British Art and the Modern Movement 1930-40, Welsh Committe of the Arts Council, National Museum of Wales, Cardiff, Oct.-Nov. 1962 (128, repr. p.33)
Barbara Hepworth, Kunstforeningen, Copenhagen, Sept.-Oct. 1964 (3), Moderna Museet, Stockholm, Nov.-Dec. (4)
Art in Britain 1930-40 Centred around Axis, Circle, Unit One, Marlborough Fine Art, London, March-April 1965 (45, repr. as Two Forms)
Barbara Hepworth, Tate Gallery, London, April-May 1968 (34, repr. p.14)
Barbara Hepworth, Plymouth City Art Gallery, June-Aug. 1970 (10, repr.)
British Sculpture in the Twentieth Century, Whitechapel Art Gallery, London, Sept. 1981-Jan. 1982 (part 1, 170)
Un Siécle de Sculpture Anglaise, Galerie national du Jeu de Paume, Paris, June-Sept. 1996 (no number, repr. in col. p.98)

'Art Out-of-Doors', Architectural Review, vol.85, no.509, April 1939, pp.201-2, repr. p.202, pl.1
J.P. Hodin, Barbara Hepworth, Neuchâtel and London 1961, p.165, no.107, repr.
Tate Gallery Report 1964-5, London 1966, p.40
'Recent Museum Acquisitions: Sculpture and Drawings by Barbara Hepworth (The Tate Gallery)', Burlington Magazine, vol.108, no.761, Aug. 1966, pp.425-6, repr. p.424, pl.57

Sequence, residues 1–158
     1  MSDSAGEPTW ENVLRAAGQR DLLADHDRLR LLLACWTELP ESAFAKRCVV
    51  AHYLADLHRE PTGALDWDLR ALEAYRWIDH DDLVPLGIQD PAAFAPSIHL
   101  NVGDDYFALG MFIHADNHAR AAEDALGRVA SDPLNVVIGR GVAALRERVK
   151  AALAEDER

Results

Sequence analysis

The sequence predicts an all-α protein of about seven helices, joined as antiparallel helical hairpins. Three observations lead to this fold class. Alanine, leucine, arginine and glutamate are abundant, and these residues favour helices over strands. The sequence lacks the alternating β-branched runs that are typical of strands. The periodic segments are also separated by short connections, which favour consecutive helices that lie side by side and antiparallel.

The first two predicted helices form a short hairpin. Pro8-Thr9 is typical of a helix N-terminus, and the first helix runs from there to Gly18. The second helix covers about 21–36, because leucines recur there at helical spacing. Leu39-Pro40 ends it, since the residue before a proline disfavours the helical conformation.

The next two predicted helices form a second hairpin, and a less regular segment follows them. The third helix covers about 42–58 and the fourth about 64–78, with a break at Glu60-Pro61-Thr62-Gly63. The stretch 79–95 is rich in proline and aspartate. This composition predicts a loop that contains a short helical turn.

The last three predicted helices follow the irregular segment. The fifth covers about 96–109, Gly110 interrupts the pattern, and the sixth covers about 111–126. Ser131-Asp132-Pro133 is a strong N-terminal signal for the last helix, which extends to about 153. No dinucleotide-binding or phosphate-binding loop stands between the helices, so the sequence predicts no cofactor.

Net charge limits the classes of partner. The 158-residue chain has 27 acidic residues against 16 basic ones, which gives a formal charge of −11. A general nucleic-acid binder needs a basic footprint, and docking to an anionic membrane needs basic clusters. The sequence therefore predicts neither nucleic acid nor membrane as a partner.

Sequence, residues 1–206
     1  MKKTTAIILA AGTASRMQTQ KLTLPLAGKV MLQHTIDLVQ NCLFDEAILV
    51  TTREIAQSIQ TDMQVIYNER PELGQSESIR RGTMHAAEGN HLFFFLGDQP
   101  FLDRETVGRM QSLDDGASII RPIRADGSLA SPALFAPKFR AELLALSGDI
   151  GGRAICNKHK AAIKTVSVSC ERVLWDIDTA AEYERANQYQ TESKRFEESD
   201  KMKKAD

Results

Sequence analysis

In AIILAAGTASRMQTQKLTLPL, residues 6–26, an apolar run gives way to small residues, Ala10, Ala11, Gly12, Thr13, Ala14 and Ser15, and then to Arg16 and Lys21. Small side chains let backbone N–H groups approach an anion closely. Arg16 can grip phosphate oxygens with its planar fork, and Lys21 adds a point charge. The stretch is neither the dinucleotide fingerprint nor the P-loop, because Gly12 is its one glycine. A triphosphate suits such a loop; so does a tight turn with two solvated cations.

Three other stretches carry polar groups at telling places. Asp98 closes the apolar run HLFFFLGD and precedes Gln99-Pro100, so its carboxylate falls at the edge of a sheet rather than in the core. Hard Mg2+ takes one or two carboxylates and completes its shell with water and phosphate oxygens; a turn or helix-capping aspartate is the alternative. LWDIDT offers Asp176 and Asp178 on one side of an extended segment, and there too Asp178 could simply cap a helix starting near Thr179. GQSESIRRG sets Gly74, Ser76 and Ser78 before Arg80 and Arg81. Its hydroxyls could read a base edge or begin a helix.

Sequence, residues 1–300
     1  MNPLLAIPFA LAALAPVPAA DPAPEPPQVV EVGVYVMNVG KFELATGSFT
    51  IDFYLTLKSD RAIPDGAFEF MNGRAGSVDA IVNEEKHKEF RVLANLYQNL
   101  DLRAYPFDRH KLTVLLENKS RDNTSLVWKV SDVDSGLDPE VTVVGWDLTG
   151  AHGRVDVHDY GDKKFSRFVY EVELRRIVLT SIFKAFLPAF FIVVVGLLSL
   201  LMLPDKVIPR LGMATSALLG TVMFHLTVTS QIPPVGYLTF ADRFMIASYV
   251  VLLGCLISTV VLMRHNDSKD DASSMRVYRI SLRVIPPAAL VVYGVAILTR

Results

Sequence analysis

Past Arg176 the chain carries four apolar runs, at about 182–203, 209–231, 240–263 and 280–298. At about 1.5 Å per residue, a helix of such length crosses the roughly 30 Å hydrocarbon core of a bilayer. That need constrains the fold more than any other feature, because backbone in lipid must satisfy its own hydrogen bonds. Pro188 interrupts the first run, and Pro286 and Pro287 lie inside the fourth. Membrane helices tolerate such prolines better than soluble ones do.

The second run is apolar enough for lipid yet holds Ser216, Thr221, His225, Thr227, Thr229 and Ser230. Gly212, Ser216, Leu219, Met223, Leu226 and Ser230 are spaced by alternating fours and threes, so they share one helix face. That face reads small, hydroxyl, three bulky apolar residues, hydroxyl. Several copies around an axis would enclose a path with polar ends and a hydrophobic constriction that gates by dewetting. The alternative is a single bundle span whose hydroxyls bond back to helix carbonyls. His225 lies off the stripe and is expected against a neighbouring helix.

George Heard Hamilton, Painting and Sculpture in Europe 1880-1940, Harmondsworth 1967, p.236, pl.141, 6th ed., 1993, pp.361-3, repr. p.362, pl.218
Charles Harrison, English Art and Modernism 1900-1939, London and Bloomington 1981, rev. ed. London and New Haven 1994, p.269, repr. p.270, fig.141
David Fraser Jenkins, Barbara Hepworth: A Guide to the Tate Gallery Collection at London and St Ives, Cornwall, London 1982, p.10, repr. p.26
Alan G. Wilkinson, 'The 1930s: "Constructive Forms and Poetic Structure"' in Penelope Curtis and Alan G. Wilkinson, Barbara Hepworth: A Retrospective, exh. cat., Tate Gallery Liverpool 1994, p.64
Alun R. Graves, 'Casts and Histories: Material Evidence and Hepworth's Sculptures', David Thistlewood (ed.), Barbara Hepworth Reconsidered, Liverpool 1996, p.179

Herbert Read, Barbara Hepworth: Carvings and Drawings, London 1952, pl.59 (as 1939)
Reyner Banham, 'Object Lesson', Architectural Review, vol.115, no.690, June 1954, p.404
A.M. Hammacher, Barbara Hepworth, London 1959, pl.5
A.M. Hammacher, Barbara Hepworth, London 1968, rev. ed. 1987, p.81, pl.56
A.M. Hammacher, The Evolution of Modern Sculpture: Tradition and Innovation, London 1969, p.249 (as 1939), pl.278 (col.)